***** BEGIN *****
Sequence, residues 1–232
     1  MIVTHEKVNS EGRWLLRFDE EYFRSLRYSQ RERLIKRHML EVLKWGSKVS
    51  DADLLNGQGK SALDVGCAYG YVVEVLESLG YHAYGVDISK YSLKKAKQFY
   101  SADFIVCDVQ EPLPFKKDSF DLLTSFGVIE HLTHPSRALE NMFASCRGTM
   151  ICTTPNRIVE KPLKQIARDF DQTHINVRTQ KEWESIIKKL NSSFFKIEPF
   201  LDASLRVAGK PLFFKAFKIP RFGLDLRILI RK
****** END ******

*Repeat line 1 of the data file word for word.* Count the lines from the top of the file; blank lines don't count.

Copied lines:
Sequence, residues 1–232